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Silk Experience

Fly Me To The Moon


Note from

the Editor

Hot Dish!

Q&A: Susanne Miller Jones

Photo Cutlines:

1. Tom and Alexei Share a Tube of Vodka by Luana Rubin

2. Godspeed! July 16, 1969 Apollo 11 Liftoff by Denise Currier

3. Last Quarter Moon by Ricki Selva

4. Descartes Highlands, Apollo 16 by Marijke van Welzen

5. Leaving Home: Launch of the Apollo 18 by Tanya Brown

6. Captain James Arthur "Jim" Lovell, Jr. by Ellen Icochea and Jayne Gaskins

7. Apollo 6 by Linda Syverson Guild

8. Low Tide by Barbara Dove


Among the exhibits making their debut at International Quilt Festival in Houston this year is one inspired by the upcoming 50th anniversary of the Apollo 11 spaceflight and man’s first step onto the moon.

Whether you remembering watching this “giant leap for mankind” on television, or learned of its importance through textbooks, you, no doubt, understand the significance of the first moon landing to both our country’s history and the advancement of space exploration.

Susanne Miller JonesFor quilt artist Susanne Miller Jones, the anniversary of this historic milestone seemed a perfect occasion to celebrate in the form of a quilt exhibit. So, last year, Jones put out a call to other fiber artists seeking quilts that honor the space program, the Apollo missions, and space exploration. The resulting exhibit features an impressive range of quilts from artists in eight different countries.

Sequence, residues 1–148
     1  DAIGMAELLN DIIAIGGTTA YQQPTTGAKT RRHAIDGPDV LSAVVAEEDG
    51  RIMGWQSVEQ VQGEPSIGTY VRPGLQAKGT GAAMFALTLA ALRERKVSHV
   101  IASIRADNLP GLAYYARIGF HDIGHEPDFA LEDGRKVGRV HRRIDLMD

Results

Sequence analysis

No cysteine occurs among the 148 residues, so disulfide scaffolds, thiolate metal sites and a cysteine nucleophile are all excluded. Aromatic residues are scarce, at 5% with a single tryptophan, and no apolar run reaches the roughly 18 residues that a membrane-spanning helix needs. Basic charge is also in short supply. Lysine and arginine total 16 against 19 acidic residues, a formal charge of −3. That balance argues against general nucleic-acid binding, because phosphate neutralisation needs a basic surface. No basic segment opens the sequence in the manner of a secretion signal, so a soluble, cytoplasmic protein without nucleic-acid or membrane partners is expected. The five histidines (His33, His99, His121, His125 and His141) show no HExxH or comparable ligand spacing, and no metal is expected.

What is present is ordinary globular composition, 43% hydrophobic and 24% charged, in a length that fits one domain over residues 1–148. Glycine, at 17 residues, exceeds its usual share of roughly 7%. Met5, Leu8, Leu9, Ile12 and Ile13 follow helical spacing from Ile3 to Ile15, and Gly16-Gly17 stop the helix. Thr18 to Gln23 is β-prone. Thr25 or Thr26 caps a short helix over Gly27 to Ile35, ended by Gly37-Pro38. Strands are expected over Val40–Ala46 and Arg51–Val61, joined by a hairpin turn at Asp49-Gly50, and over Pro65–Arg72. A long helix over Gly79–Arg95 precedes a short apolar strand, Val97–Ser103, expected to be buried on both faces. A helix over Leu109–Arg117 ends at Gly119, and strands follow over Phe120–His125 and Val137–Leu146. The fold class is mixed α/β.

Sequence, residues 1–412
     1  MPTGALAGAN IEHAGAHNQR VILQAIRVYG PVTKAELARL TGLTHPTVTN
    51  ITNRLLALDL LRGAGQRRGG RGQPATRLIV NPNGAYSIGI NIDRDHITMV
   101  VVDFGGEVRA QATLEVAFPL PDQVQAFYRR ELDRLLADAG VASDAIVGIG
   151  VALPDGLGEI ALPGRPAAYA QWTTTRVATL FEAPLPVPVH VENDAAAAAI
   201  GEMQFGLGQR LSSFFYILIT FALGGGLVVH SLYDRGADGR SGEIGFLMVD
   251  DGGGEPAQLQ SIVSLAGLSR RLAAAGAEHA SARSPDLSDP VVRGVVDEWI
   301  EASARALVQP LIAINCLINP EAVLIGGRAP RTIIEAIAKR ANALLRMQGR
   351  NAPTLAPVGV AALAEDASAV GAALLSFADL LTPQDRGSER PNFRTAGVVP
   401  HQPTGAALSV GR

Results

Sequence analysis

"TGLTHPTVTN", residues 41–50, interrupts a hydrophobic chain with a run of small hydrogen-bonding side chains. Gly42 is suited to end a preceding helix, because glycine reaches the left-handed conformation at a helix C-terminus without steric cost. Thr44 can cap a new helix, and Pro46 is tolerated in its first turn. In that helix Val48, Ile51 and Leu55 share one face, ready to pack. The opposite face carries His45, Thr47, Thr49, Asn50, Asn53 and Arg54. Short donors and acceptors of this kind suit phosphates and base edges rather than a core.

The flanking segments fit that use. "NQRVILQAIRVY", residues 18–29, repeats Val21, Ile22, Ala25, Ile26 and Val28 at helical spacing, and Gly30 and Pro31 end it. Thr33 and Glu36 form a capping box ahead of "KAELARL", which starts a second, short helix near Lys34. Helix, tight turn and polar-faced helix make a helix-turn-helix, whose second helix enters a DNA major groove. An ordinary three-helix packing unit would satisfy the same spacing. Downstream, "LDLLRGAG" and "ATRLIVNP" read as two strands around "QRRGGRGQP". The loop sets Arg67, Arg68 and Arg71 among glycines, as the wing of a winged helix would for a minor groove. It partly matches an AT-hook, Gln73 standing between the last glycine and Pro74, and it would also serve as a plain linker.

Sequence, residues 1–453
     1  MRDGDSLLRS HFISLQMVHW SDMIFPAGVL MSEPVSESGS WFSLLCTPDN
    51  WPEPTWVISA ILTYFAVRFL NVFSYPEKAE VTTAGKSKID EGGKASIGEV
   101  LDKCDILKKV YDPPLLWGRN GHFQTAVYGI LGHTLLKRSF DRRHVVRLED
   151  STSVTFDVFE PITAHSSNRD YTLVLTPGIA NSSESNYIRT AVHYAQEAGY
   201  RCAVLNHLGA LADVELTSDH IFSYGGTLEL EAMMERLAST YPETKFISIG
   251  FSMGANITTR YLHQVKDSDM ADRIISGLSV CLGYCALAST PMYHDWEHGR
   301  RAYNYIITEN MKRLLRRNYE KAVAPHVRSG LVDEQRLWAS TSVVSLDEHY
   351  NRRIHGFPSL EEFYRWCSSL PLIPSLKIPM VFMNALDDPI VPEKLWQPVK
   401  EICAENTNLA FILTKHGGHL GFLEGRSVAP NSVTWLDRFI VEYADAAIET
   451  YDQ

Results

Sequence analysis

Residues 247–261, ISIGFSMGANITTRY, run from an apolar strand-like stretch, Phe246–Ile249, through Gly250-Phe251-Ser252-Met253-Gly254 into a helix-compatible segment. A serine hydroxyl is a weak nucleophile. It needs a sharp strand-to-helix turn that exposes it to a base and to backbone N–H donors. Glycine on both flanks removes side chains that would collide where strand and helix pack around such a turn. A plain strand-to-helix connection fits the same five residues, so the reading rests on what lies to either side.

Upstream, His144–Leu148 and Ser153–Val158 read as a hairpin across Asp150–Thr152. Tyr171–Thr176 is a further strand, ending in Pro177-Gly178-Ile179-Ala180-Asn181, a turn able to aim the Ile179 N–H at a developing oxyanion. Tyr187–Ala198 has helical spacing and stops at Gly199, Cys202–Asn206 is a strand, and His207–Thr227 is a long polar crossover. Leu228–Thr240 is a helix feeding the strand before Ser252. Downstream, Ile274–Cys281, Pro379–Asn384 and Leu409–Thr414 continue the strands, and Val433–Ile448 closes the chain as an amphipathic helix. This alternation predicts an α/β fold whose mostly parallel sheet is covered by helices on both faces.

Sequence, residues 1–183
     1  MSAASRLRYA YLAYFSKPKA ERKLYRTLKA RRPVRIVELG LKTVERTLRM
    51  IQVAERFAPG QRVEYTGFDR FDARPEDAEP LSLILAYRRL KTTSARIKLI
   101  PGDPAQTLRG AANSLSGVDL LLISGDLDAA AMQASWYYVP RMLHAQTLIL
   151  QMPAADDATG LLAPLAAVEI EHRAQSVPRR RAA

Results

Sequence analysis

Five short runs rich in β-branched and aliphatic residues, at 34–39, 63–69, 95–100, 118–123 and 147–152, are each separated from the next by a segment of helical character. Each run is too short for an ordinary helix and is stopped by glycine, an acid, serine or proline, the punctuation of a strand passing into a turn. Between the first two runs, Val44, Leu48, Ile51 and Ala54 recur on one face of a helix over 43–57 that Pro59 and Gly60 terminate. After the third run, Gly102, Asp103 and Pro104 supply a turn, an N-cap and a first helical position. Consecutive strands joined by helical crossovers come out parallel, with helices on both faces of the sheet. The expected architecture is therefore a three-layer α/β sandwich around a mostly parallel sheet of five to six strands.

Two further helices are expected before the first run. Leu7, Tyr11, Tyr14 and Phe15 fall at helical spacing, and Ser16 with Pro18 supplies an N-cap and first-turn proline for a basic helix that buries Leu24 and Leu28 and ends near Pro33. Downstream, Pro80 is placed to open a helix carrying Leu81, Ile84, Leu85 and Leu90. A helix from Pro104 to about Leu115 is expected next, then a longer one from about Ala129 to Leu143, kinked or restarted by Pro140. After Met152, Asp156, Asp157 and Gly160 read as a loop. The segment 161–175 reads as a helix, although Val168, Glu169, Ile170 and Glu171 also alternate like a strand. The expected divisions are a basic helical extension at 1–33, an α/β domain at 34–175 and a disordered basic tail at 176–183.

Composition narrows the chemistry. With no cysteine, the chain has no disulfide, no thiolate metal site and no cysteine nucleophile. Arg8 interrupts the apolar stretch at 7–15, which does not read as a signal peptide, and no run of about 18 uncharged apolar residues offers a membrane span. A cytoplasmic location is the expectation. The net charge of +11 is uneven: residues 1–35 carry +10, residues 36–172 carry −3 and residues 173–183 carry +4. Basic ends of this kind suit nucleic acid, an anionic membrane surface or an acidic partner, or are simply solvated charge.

For this edition of Friends@Festival, we spoke with Jones about the exhibit, “Fly Me to the Moon.”

Friends@Festival: First, please tell us a bit about yourself.

Jones: Needles, thread, and fabric have been in my hands most of my life. My grandmother taught me to sew when I was about five. In 2010, in preparation for retirement from teaching elementary school, I began to quilt. I thought that I would be a traditional quilter, and was surprised and delighted to discover my inner fiber artist.

Aside from curating the “Fly Me to the Moon” exhibit, I also recently issued a call for entries for “HERstory: A Celebration of Strong Women.” So far, there are 139 artists honoring about 200 groundbreaking women. It’s going to be fabulous too!

Friends@Festival: And how did the idea for the “Fly Me to the Moon” exhibit materialize?2

Jones: I was watching the news, and they were doing a retrospective about Apollo 11 and the moonwalk in celebration of its 45th anniversary. I commented to my husband that I thought that a collection of quilts honoring the 50th anniversary would make a wonderful exhibit. I sat down and wrote out a proposal. It only took about 30 minutes and I had the whole exhibit planned. I put out the call in February of 2015, and was overwhelmed by
the response.

Friends@Festival: The exhibit celebrates the 50th anniversary of the first moonwalk, which is actually in 2019. What was the reason behind organizing this exhibit several years in advance of the anniversary of the Apollo 11 landing? And will the exhibit continue to travel through 2019?

Jones: I am working on a book about the collection. In order to get the quilts made and the book written by my deadline, I needed to begin the process early.

The exhibit will travel through 2019. It will premiere at Quilt Festival in Houston this year. Next year, it will be at many of the other major quilt shows. In 2018, it will travel internationally. In 2019, it is my plan for it to be in museums, galleries, and facilities that honor the space program. The exhibit schedule is available at my website HERE.